A cheeky little phone, but one that needs a price to really show whether it's a great creation from LG. It doesn't excel in many areas, but for a budget phone it doesn't offer up too many issues either.
Nice, tight design
In-cell screen is nice
Touch laggy in places
Selfie camera not amazing
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The LG K8 (2018) is clearly meant to be a budget phone, despite the fact we don't know the price of this thing, nor when it will actually be released - but if it is cheap enough, then this could be a little budget winner.
LG is clearly positioning this phone to be something that's for those that want a little bit of technology in their lives, or just want a phone that's not terrible, but for a decent price, and if the cost is low enough then this could well be a success.
Design and screen
Unlike the metal-clad LG K10, the K8 has a grippy outer plastic shell, with a grid-like design that's pleasant to hold. The camera has been moved centrally, sitting just above the fingerprint scanner (another nice feature to see).
However, it doesn't feel too light or cheap when you pick it up, nor with a lot of flex when put under a bit of stress, which is often a sign of good quality build.
The screen, a 5-inch affair, uses LG's In-Cell technology, which helps improve the quality of a basic LCD display. In use, it does offer a great contrast ratio with good-looking blacks and nice color reproduction - we'd have expected a lot worse for a phone of this quality.
The resolution isn't the best around, with it only being 1280x720, but at the screen size it's not too bad with 279 pixels per inch.
The overall use is a touch laggy, and that makes sense when you consider that it's got a quad-core CPU inside with 2GB of RAM. Not a terrible spec, and with 16GB of storage inside you'll probably get away with using this over a couple of years without having to worry too much about deleting a load of photos.
Camera and battery
The camera on the LG K8 (2018) isn't world-beating at 8MP (are you sensing the theme here yet?) but not too bad for a cheaper phone. The front-facing camera is a 5MP sensor, and supposedly packs a front-facing flash by flaring the screen when taking the pic, but it seemed a bit dark to us.
The rear camera supposedly helps improve low-light noise, presumably through software processing, and the darker pictures we took seemed just fine - not mind-blowing, but OK.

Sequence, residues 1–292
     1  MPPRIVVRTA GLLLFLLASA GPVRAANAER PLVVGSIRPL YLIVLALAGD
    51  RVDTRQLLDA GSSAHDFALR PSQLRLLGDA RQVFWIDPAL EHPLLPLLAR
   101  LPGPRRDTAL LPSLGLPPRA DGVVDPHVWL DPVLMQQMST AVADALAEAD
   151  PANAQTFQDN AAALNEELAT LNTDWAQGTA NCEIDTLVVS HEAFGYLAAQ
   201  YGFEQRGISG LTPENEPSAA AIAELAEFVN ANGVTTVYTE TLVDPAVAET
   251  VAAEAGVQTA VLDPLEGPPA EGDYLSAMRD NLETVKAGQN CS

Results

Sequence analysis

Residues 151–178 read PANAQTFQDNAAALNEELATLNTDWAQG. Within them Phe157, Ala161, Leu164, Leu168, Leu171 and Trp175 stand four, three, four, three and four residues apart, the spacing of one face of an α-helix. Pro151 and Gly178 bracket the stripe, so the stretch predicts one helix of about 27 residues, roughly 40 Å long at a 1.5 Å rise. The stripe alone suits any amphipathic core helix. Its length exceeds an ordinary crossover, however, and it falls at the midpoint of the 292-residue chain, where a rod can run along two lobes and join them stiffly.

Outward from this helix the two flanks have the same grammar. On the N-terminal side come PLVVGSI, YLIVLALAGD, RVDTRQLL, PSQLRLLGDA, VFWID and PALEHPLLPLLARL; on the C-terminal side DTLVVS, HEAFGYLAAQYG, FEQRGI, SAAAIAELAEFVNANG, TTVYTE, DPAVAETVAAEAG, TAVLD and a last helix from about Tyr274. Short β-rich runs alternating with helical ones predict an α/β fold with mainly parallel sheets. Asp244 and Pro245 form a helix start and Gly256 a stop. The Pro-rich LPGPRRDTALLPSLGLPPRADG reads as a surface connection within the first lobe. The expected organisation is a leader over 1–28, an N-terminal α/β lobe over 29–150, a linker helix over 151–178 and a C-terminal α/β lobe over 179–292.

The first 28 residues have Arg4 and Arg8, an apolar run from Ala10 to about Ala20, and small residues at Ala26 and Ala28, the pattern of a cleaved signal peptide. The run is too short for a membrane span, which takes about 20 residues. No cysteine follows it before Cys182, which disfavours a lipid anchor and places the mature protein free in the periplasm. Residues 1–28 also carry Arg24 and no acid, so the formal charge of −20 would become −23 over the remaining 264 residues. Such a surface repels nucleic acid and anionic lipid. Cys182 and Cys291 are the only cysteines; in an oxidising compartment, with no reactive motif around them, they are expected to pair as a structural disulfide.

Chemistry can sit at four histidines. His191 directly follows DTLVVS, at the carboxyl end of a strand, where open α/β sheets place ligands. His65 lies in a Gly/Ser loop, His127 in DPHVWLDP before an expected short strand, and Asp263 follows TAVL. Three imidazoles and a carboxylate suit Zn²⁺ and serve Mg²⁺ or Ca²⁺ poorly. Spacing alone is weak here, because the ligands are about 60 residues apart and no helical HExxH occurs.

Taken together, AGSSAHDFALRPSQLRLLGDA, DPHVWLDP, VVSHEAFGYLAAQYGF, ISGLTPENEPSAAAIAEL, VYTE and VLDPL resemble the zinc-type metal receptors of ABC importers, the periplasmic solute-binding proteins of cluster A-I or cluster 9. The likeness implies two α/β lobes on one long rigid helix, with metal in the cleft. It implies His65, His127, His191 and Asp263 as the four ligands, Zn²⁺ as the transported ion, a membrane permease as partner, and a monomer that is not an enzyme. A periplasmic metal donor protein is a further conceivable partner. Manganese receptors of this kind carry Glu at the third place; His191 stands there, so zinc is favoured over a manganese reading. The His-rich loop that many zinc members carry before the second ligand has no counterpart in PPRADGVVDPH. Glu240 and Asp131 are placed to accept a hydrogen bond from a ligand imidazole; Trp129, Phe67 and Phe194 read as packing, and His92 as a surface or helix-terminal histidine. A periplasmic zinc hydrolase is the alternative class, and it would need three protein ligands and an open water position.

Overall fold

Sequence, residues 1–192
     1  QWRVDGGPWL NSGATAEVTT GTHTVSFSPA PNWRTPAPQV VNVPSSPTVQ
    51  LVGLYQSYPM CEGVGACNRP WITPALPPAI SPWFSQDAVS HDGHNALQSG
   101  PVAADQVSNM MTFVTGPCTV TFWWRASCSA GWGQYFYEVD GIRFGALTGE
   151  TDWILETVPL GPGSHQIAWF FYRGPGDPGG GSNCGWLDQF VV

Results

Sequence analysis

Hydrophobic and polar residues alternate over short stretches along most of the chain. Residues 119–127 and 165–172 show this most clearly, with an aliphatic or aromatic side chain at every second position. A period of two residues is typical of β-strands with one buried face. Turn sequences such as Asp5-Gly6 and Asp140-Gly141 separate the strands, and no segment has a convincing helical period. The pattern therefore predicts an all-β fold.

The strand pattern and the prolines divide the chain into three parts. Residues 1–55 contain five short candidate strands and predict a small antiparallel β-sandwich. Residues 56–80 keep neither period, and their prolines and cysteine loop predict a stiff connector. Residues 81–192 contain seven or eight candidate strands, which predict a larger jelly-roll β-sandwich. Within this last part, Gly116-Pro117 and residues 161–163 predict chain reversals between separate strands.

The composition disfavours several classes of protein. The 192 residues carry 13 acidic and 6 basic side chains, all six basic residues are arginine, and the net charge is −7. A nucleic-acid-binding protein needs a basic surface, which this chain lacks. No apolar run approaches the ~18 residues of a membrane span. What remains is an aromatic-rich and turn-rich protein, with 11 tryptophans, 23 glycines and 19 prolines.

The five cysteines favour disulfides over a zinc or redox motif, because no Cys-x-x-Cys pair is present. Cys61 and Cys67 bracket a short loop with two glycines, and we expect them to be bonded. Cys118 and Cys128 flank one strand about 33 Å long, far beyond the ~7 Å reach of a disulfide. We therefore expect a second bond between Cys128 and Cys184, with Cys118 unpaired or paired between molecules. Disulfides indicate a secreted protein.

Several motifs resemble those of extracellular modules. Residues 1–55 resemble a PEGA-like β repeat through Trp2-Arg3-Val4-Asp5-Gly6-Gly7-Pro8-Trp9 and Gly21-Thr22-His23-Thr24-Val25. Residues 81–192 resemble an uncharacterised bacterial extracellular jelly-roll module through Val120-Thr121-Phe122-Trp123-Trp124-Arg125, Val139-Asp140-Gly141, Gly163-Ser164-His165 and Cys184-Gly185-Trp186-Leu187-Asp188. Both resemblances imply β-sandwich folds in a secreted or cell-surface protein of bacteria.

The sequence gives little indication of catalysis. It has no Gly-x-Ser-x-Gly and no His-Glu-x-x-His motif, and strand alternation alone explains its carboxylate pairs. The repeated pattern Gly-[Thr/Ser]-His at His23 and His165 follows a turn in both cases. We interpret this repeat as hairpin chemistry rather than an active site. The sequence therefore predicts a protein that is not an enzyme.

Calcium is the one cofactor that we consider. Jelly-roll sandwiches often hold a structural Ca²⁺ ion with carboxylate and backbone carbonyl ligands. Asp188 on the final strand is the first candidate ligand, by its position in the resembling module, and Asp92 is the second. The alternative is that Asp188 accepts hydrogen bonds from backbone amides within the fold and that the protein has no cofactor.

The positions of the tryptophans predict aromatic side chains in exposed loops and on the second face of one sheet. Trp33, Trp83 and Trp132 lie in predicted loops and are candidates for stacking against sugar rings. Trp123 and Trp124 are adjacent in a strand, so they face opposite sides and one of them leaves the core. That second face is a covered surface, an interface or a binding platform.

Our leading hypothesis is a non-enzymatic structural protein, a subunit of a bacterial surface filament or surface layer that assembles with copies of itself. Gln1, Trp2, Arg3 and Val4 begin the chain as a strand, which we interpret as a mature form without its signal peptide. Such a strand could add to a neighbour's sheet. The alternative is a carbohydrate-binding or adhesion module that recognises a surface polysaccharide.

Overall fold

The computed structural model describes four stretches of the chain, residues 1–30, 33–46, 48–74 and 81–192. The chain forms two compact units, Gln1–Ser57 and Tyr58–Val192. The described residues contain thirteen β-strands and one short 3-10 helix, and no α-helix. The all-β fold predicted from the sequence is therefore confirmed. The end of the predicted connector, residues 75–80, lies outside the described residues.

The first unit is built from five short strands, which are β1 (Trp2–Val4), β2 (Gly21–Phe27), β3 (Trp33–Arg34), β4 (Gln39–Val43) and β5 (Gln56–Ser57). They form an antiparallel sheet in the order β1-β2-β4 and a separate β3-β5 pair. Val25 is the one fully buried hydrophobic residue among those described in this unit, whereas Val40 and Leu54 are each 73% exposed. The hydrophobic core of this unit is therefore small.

There's also a feature called Flash Jump shot, where you can take a series of pics together and turn them into a GIF to share, hinting that this phone is aimed at the younger (or young at heart) generation.
There's a 2500mAh battery pack on the LG K8 (2018), which probably will last pretty well given the minimal spec on offer here. If you compare that to the Sony Xperia XZ2 Compact, for instance, that has a 2780mAh power unit and that has far more work to do.
There's nothing like wireless charging on offer here, but then again we wouldn't have expected it given the possible price point.
There's very little to laud on the LG K8 (2018) without a price around, but if our suspicions are correct, this could be a decent phone at the low-end as the big brands start sticking their high-end tech in more budget models.
The key question will be: can the LG K8 stay running well after a few months when it's filled with apps and photos, or will the little judders we're seeing now turn into bigger slow-downs? You'll have to wait for our final review to find out, so stay tuned for that to turn up.
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Gareth has been part of the consumer technology world in a career spanning three decades. He started life as a staff writer on the fledgling TechRadar, and has grown with the site (primarily as phones, tablets and wearables editor) until becoming Global Editor in Chief in 2018. Gareth has written over 4,000 articles for TechRadar, has contributed expert insight to a number of other publications, chaired panels on zeitgeist technologies, presented at the Gadget Show Live as well as representing the brand on TV and radio for multiple channels including Sky, BBC, ITV and Al-Jazeera. Passionate about fitness, he can bore anyone rigid about stress management, sleep tracking, heart rate variance as well as bemoaning something about the latest iPhone, Galaxy or OLED TV.
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